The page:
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EWC operation and practices

Cooperation between employees and employers in multi-national companies

An EWC (European Works Council) enables the employees’ participation in decisions concerning their work. By participation in EWC operation in your company, you can receive information, international contacts and learn business thinking.

At the European level, over one thousand companies are within EWC operations, and they have altogether 15 million employees. There are more than 20,000 EWC representatives. Over 210 companies operating in Finland are within the scope of EWC operation, and 60 of them have their head office in Finland. There are more than 600 EWC representatives in Finland.

Does your company already have a European Works Council?

EWC operation based on the EU Directive is governed in Finland by the Act on Co-operation within Undertakings and the EWC Act. An EWC must be established if the company has at least 1,000 employees in the EU area and 150 employees in at least two EU or EEA countries. If your company has a European Works Council, you may as a member of YTN’s member union participate in EWC trainings and seminars.  If your company is not yet within EWC operation but meets the requirements set for the operation, you may contact Daniel Valtakari from TEK.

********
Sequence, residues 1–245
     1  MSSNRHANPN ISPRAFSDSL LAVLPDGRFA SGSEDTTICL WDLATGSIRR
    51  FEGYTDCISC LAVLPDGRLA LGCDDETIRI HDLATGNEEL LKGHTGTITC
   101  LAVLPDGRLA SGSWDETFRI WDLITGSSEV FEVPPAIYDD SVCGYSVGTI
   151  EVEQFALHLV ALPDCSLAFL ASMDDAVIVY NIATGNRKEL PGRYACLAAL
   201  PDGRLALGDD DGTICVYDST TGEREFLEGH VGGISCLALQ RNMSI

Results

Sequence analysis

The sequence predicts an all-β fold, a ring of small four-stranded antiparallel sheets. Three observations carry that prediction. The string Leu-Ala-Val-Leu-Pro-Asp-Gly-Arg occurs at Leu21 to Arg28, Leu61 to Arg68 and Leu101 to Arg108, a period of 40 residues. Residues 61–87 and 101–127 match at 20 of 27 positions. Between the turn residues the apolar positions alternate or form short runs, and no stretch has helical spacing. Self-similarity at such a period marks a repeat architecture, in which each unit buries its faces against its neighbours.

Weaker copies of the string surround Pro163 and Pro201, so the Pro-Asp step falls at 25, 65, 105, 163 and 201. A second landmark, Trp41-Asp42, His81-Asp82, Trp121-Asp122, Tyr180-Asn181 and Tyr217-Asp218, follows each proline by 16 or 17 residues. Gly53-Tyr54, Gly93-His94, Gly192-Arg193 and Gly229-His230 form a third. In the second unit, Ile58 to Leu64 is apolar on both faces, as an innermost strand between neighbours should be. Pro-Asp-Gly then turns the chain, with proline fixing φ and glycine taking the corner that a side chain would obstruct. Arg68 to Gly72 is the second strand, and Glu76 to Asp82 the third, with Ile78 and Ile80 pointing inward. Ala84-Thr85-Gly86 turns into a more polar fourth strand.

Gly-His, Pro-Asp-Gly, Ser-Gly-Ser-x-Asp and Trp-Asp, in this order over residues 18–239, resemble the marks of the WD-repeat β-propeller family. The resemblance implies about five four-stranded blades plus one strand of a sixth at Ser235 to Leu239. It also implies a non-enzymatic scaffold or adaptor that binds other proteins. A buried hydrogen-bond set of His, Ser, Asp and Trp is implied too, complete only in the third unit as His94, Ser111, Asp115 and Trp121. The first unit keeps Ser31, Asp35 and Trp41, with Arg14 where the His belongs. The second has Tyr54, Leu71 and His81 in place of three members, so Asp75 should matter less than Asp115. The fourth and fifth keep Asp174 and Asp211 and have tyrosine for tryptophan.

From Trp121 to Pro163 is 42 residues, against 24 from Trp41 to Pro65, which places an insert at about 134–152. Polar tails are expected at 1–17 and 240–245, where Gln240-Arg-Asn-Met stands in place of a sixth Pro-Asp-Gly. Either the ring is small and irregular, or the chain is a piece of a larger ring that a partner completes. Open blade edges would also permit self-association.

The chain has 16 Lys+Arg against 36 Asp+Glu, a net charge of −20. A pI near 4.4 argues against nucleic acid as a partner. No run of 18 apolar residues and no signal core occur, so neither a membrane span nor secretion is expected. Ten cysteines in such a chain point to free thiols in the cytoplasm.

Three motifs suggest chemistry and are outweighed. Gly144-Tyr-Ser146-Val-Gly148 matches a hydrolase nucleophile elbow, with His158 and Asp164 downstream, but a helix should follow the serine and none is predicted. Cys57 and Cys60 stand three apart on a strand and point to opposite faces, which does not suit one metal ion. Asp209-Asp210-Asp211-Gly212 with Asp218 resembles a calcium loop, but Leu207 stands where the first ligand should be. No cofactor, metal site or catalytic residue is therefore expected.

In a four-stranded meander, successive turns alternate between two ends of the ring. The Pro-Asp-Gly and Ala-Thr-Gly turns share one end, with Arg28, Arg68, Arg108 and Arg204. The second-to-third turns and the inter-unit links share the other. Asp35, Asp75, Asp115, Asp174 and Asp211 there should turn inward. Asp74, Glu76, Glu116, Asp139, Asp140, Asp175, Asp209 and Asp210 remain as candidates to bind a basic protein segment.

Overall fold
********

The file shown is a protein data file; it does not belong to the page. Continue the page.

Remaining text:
The initiative for launching EWC operation may come from the personnel or the management of a company. The personnel’s initiative requires a request from two different countries and the support from altogether 100 employees in these countries.

Establishment of an EWC

YTN’s member unions strongly invest in EWC operation and in senior salaried employees’ lobbying in Europe. We use influence, among other things, on the preparation of Directives and laws as well as being involved in the companies’ EWC operation.

An agreement is made on the cooperation. In it, the management and the works council negotiate the common rules. The personnel is represented in the negotiations by a Special Negotiating Body, SNB.

The works council is composed of the personnel’s representatives who have been appointed from each EU or ETA country where the company has employees. The EWC representatives have similar rights and duties as shop stewards and occupational safety representatives as set out in each country’s laws.

In a works council, the personnel are heard about matters which are happening or being planned in the company.

Study on the significance and benefits of EWC operation in companies

A study on EWC operation, its significance and costs to companies ordered by the same employer organisation was presented at a recent BusinessEurope seminar. The presentation on the study is public and worth reading. It is available here.

The end report of the seminar, “PERMEWC Final Conference Leuven, 13 May 2016: European Works Councils on the Move: Management Perspectives on the Development of a Transnational Institution for Social Dialogue” is also worth reading. It is available here.